Supporters of Catalan independence have begun occupying polling stations in a bid to protect Sunday’s vote from a crackdown by the Spanish government.
The vice-president of Spain’s secessionist north-eastern region warned that backers of Catalonia’s independence would cast their ballots even if national police “took voting stations by assault”.
Politicians in Catalonia have insisted the referendum will go ahead, despite Madrid attempting to shut down what they said was an illegal poll.
Catalan authorities said the majority of eligible voters were expected to take part, and they would declare independence within 48 hours after announcing the vote’s results, if the yes side wins.
Madrid’s culture minister Inigo Mendez de Vigo, acting as a spokesman for Spain’s cabinet, accused the secessionist coalition ruling Catalonia of bending the laws to go ahead with a vote regardless of warnings from courts and a suspension by the country’s Constitutional Court earlier this month.
The Spanish government has fought the referendum with a myriad of legal actions, and last week the Guarda Civil stormed Catalan regional government buildings.
“The government has a constitutional mandate to enforce the laws maintaining civic order,” Mr Mendez de Vigo said.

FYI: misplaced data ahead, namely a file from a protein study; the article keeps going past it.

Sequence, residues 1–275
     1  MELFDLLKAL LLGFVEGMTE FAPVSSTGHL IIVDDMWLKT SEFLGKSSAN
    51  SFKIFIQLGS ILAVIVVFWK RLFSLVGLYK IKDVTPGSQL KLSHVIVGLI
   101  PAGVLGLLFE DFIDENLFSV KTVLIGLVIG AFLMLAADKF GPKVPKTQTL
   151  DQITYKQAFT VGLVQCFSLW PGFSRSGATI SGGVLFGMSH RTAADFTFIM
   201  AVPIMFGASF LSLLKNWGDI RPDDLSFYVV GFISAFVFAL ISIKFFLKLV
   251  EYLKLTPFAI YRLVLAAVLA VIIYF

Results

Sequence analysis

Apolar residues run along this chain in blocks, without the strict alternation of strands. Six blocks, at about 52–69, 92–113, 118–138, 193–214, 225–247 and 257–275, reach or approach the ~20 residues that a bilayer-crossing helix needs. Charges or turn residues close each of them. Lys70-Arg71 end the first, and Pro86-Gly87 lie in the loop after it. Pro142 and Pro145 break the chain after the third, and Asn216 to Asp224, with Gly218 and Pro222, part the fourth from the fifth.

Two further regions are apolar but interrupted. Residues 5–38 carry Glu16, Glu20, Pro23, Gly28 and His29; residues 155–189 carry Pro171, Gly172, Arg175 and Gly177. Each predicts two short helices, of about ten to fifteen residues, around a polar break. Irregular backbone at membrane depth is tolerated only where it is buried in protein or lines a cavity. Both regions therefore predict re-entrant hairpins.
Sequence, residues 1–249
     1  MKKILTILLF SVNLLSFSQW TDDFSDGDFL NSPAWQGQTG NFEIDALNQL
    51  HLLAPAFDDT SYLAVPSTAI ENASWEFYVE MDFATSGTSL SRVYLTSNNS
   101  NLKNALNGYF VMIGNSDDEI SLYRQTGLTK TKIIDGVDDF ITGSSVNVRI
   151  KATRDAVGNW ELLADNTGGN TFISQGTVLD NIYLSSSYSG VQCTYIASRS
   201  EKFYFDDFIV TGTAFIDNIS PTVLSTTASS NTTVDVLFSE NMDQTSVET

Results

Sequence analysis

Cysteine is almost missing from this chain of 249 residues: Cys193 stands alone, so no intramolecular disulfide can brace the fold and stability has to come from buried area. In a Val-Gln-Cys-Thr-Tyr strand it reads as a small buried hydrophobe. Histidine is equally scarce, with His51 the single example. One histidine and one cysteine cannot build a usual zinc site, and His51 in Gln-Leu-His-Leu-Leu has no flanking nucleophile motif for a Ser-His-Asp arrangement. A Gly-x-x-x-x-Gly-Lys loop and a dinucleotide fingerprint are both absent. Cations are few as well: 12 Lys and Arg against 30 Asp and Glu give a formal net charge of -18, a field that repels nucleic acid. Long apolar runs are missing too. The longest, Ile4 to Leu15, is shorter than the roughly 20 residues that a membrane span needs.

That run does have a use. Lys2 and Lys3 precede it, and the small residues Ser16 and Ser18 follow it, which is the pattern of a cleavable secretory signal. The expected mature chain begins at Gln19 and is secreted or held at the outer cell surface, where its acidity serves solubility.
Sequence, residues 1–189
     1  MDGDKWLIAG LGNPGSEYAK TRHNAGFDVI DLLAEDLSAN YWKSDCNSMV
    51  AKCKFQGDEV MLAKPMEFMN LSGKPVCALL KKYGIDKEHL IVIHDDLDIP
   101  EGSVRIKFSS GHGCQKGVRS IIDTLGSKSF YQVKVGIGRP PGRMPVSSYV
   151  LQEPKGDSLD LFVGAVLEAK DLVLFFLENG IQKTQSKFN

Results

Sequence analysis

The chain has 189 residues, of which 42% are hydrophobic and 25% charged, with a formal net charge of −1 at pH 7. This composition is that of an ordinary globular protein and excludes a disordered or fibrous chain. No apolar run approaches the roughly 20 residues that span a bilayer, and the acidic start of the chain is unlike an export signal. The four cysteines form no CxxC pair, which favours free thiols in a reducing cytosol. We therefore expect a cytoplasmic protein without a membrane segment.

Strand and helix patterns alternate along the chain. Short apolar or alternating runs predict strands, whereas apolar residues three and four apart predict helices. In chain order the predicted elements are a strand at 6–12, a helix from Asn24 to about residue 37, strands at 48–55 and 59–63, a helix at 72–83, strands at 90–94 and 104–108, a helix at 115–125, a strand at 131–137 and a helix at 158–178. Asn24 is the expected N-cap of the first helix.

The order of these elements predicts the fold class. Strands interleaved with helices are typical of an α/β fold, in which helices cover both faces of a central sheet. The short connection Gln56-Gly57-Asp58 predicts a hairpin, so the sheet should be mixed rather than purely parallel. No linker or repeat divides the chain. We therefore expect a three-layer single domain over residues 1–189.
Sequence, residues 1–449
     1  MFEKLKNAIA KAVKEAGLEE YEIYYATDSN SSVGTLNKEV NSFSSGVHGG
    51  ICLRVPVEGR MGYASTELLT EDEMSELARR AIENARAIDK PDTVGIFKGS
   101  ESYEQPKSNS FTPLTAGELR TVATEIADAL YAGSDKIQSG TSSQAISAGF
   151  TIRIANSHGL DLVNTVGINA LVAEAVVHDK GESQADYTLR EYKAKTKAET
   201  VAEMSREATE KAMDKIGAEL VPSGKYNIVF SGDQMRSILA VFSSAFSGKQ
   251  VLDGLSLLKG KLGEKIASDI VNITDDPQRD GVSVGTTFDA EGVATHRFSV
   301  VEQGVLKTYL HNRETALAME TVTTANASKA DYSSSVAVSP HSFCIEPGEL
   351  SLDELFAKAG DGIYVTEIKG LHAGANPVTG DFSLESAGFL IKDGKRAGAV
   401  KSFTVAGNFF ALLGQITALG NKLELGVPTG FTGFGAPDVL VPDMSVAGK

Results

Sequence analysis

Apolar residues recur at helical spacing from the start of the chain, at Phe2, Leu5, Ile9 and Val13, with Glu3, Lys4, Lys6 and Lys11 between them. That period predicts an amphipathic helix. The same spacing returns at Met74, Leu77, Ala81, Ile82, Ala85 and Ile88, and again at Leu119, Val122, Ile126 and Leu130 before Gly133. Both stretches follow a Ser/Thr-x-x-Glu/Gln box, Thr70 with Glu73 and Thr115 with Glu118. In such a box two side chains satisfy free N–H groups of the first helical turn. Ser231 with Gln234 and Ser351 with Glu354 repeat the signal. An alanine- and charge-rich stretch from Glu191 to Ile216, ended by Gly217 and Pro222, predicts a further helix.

“Nobody is above the laws and whoever violates them will face consequences.”
However, Catalonia’s vice-president, Oriol Junqueras, said Catalan citizens will be able to vote “even if somebody takes voting stations by assault and tries to avoid something as natural as placing a voting slip in a ballot”.
Reports from the AFP news agency that Catalans were occupying polling stations to protect the referendum followed a warning from Spanish police that they would take control of voting booths to help thwart the planned independence vote.
Spain’s constitution says only the nation’s government can call a referendum on sovereignty.
Police forces acting on judges’ orders have seized ballots and arrested regional officials in the crackdown.
Mr Junqueras said an internal poll showed more than 60 per cent of the 5.3 million eligible voters plan to cast ballots.
He displayed a prototype of the plastic ballot boxes planned for more than 2,300 voting stations.
A senior European official, meanwhile, said any moves “should be done in accordance with the constitution of that member state”.
European Commission vice-president Frans Timmermans said: “That is the rule of law, you abide by the law and the constitution even if you don’t like it.”
In Madrid, a Spanish conservative group set up a large, mock ballot box in the centre of the city and urged people to vote whether they want Catalonia to remain part of Spain.